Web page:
Justice for Juggalos
In legal news, the unorthodox American hip hop duo band from Detroit “Insane Clown Posse,” or ICP, is suing the FBI for suddenly cancelling their annual Halloween concert this year, questioning their denied right to assemble.
The FBI’s reasoning for shutting down the show was that it was a dangerous situation because the Juggalos, (fans of ICP), are gang members. Apparently Juggalos have been classified on the National Gang Threat Assesment List as a “loosely-organized hybrid gang,” a charge the Juggalos themselves are baffled by.
The band consists of “Violent J” and “Shaggy 2 Dope,” whose music contains morbid ideas and violent lyrics, and has drawn a vast fan base of loyal “Juggalos” who attend their concerts, purchase merchandise, mimic the clown visage of the two singers, and listen to the music together. Sounds like any other large group of fans doesn’t it? Howard Hertz, the duo’s lawyer, agrees.
There is no legalization banning fans from enjoying their favorite band, singer, movie, actor, etc. For this, Hertz argues ICP and the Juggalos are being targeted and discriminated against for the nature of their shared enthusiasm, not for any actual indiscretion, and is seeking justice.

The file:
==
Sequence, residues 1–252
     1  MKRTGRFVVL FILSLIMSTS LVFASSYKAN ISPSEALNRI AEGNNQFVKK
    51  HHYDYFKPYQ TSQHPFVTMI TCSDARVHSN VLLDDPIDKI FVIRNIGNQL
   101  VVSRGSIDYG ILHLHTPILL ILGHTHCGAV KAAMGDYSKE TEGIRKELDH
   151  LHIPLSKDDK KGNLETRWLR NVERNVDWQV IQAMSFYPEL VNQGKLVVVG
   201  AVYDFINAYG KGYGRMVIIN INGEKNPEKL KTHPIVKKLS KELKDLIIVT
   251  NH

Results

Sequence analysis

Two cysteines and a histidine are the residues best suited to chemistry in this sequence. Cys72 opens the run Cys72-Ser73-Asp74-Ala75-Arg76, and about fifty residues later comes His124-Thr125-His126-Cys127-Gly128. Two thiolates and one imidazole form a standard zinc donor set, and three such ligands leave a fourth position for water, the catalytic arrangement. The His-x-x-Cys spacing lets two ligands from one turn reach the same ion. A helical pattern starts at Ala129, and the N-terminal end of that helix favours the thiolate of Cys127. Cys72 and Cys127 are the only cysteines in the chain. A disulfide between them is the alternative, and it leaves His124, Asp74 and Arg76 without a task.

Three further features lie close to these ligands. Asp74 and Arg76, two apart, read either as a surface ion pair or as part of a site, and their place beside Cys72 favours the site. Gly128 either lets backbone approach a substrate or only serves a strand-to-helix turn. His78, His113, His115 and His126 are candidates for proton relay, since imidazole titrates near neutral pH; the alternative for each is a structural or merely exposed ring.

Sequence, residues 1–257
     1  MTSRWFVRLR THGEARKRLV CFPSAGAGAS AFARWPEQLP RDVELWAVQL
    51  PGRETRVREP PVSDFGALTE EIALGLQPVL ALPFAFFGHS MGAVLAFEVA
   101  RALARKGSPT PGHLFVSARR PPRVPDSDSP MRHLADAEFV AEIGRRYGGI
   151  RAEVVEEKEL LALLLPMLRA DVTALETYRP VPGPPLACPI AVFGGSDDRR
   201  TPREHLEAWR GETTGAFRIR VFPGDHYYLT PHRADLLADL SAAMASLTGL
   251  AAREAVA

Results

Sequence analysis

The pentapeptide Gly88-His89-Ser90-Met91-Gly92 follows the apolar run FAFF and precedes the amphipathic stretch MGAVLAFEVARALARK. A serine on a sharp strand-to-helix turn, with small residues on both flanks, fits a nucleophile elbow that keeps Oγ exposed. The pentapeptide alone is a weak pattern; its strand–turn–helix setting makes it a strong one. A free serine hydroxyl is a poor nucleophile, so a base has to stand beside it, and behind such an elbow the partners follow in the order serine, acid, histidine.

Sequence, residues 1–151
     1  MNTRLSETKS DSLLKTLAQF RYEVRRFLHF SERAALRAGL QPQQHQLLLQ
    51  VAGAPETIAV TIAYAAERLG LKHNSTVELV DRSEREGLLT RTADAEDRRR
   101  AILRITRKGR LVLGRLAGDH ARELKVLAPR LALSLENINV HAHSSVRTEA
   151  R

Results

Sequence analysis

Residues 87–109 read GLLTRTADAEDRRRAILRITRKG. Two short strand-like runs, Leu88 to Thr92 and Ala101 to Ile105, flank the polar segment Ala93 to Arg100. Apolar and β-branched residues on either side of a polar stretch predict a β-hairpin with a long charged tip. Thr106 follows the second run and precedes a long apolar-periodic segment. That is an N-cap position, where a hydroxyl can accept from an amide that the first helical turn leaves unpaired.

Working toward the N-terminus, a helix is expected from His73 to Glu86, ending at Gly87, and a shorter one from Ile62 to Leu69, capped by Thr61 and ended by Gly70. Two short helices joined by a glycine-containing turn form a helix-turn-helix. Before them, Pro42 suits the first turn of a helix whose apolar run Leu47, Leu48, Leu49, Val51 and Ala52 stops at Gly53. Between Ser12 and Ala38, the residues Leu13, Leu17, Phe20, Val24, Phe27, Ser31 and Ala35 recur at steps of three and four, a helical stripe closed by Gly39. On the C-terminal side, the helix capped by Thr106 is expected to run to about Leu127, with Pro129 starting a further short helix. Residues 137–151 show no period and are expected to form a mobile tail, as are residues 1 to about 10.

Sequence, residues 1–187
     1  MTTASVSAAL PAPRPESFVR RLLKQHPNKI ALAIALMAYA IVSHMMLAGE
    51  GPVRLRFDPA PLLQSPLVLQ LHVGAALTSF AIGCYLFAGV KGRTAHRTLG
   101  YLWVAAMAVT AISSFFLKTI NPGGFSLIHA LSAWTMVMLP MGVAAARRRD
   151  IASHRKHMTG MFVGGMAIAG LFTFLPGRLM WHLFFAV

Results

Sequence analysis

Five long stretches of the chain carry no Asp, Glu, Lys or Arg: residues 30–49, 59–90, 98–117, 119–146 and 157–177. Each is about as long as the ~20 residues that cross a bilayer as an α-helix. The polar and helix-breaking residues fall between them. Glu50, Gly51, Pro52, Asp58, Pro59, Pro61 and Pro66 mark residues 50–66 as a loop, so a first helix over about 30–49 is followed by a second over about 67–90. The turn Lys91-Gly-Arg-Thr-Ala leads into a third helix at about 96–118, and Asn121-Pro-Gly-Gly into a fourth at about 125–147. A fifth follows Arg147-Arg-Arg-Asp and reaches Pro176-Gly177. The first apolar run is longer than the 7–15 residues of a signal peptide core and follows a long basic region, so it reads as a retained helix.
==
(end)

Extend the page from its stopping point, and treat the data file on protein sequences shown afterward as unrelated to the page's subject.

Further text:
The issue is that ICP seems to promote violence, and draws the attention of many young people who, according to the FBI, band together and become criminals because of it.
Is this a fair assumption? Is there any concrete evidence to back this up? Why should the FBI determine these fans are a gang, and teenage girls with Beiber Fever aren’t?
Legally, this seems unfair. Logically however, you can see the reasoning. With a genre description like ‘horrorcore’ and lyrics such as “Chopping throats with a hatchet…” and “How many lives can one mother****** take? One Life, two life, three life, four,” it is not difficult to see the correlation being made and the concern of the police.
Hertz argues that it is absurd to insinuate that ICP is promoting actual bloody violence to its listeners. “It’s not meant to reflect reality,” he states, “It’s supposed to be like Halloween every night . . . not telling people to go out and do it.”
There is no universal legal definition of “gang,” which makes this case a difficult one to judge.
The question is really whether or not allowing the Juggalos to assemble for a concert presents a clear and present danger to the public, and since ICP has performed in shows like their “Hallowicked” event for over ten years with no issues serious enough to ban them yet, it seems the FBI are simply afraid of what they don’t understand.